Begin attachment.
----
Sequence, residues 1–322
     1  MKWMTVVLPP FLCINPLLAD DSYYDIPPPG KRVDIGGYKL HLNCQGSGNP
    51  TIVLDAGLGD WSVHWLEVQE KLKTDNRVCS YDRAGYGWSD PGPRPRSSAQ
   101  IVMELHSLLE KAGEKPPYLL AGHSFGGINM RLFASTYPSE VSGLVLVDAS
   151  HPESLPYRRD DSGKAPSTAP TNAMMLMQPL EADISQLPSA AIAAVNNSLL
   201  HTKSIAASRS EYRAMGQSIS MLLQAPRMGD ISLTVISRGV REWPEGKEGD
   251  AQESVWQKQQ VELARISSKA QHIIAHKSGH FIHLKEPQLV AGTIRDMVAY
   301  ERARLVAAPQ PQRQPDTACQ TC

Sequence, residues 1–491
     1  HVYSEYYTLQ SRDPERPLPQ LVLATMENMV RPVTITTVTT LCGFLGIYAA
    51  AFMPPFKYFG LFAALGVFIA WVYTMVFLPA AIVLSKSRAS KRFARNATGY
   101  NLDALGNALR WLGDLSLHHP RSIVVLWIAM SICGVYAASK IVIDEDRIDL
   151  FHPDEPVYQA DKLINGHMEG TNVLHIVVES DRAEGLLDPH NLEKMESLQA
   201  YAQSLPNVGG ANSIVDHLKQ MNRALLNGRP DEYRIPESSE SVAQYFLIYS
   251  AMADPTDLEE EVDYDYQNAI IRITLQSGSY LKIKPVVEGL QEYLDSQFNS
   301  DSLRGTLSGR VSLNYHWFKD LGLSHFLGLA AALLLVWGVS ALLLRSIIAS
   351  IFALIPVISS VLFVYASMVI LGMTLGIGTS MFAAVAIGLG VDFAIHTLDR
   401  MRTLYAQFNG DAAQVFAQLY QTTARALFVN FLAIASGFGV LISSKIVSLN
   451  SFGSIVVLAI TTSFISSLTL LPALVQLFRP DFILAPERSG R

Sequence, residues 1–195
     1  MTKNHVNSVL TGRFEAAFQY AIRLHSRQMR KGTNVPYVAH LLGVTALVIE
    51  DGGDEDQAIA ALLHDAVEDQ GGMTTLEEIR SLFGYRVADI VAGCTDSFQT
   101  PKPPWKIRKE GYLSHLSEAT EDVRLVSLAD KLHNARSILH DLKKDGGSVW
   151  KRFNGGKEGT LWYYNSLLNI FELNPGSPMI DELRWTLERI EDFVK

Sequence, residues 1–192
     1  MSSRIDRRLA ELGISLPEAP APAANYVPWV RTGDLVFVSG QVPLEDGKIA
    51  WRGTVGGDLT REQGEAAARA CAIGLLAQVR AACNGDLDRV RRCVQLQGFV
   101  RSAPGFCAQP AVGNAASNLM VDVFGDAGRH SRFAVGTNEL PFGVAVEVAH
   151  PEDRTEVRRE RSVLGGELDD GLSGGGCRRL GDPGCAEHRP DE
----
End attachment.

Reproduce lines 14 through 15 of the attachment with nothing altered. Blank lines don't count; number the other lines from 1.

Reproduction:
   201  YAQSLPNVGG ANSIVDHLKQ MNRALLNGRP DEYRIPESSE SVAQYFLIYS
   251  AMADPTDLEE EVDYDYQNAI IRITLQSGSY LKIKPVVEGL QEYLDSQFNS